The online magazine on the history and operation of vintage scale model trains in American OO gauge

Wednesday, August 5, 2009

More on Red Adams OO Layout in Miniature Railroading

Another magazine to watch for is Miniature Railroading. Published in a similar format to Model Railroader in the pre-war era, American OO shows up in it fairly often.

In the March, 1941 issue for example you can find a article on the Mohave Railroad, the OO layout of Herb Adams. This is the same gentleman also known as H. L. “Red” Adams who produced early OO gauge models in the Chicago area, profiled in this earlier post. This lead photo in the article looks back toward his yard and engine facilities, which reflect that he was for sure interested in running passenger trains.

The article has a couple areas of focus, on his desert scenery techniques (the results of which were very realistic for the time) and also his special lighting effects. Looking at the scenery first with this second photo, it is built up on a wood framing with screen wire and wood fiber plaster. "When the plaster was dry, Herb applied cheap, flat white oil paint." This he adjusted to various tones of color using "10-cent tubes of color." From the photo it is clear this made for a good place to run trains.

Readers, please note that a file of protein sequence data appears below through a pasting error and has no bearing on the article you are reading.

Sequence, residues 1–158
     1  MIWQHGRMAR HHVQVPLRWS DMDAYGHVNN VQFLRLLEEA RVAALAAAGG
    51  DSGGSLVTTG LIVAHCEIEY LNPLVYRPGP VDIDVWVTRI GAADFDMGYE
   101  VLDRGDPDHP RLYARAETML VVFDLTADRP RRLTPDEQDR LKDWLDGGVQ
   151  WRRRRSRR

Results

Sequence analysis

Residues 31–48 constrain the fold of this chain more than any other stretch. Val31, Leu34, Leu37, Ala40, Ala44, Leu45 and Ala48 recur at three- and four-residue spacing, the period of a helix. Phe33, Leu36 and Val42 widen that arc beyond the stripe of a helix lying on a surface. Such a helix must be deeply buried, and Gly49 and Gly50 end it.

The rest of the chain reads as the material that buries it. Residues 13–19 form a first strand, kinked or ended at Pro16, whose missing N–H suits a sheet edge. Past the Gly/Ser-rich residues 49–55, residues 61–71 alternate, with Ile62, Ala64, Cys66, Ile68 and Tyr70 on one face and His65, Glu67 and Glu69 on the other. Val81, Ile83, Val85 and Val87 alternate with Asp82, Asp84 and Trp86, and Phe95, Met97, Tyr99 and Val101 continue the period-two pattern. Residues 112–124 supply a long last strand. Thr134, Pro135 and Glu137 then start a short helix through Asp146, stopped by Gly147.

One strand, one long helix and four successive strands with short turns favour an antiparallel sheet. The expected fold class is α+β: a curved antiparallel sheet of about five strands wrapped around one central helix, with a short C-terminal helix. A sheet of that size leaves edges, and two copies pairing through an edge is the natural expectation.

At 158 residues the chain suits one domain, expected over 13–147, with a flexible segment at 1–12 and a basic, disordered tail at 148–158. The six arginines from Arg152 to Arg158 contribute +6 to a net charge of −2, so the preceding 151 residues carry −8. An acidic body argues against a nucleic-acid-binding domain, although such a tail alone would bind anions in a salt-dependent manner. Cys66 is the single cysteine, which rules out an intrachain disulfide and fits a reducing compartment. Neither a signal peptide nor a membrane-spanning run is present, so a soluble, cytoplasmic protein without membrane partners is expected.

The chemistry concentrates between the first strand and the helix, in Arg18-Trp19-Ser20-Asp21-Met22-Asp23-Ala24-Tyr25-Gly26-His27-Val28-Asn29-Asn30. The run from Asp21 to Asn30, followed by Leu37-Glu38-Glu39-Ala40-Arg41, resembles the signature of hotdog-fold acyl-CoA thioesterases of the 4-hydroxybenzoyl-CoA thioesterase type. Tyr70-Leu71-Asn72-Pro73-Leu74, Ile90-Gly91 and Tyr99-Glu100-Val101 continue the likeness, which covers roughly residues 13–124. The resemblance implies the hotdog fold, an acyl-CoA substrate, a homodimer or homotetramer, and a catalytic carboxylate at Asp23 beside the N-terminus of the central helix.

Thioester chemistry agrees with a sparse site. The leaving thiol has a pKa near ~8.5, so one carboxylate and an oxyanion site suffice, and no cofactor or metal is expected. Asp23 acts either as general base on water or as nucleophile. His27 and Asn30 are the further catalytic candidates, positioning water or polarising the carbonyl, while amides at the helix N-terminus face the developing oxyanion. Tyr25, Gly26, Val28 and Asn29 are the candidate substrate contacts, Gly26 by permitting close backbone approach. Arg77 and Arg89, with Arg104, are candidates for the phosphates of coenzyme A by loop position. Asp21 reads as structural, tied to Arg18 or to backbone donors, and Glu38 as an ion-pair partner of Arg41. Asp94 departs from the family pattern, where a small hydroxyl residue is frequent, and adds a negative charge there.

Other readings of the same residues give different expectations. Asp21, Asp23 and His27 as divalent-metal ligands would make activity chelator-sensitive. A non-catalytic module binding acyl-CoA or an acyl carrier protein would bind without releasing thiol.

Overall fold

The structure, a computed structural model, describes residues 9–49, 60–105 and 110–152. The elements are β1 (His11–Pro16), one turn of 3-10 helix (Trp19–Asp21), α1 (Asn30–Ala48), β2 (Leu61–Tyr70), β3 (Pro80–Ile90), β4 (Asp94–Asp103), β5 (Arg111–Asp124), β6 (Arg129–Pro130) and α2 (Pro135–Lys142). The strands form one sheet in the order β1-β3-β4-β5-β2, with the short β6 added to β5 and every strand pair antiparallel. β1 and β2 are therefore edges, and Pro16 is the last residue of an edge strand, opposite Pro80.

His locomotives at this date are reported to be “a Pacific, an Atlantic, and a ten-wheeler for the branch line” and equipment includes 15 freight cars, a streamliner, and standard passenger cars. The other theme of the article has to do with lighting, this last photo giving a view of what he was doing. It is a close up of an wood S-P caboose interior. It is riding on Scale-Craft trucks but note what is inside; glass rods and a lighting system. From the article,
The car markers are so built that they "pipe" the light to the outside. The ends of the rods are gound on a wheel or filed so that there are four facets on the sides at the end, and a single facet on the extreme tip. The glass may be bent to shape in any gas flame or bunsen burner.
With the track plan I would offer this final quote, which gives a good sense of what he had achieved.
Although it isn't especially apparent in the accompanying photographs, Herb's equipment is done with the utmost detail -- and this applies to his scenery and buildings as well as his locomotives and rolling stock. He's a fellow who takes pains and pride in his work, and a string of varnish streaking its humming way along his pike looks just as well in the glare of flood-lamps as it does with lights lowered to simulate the night time.
There are a number of other interesting articles in Miniature Railroading, a magazine that started publishing in 1938 and quit publication in 1941. A title to watch for.

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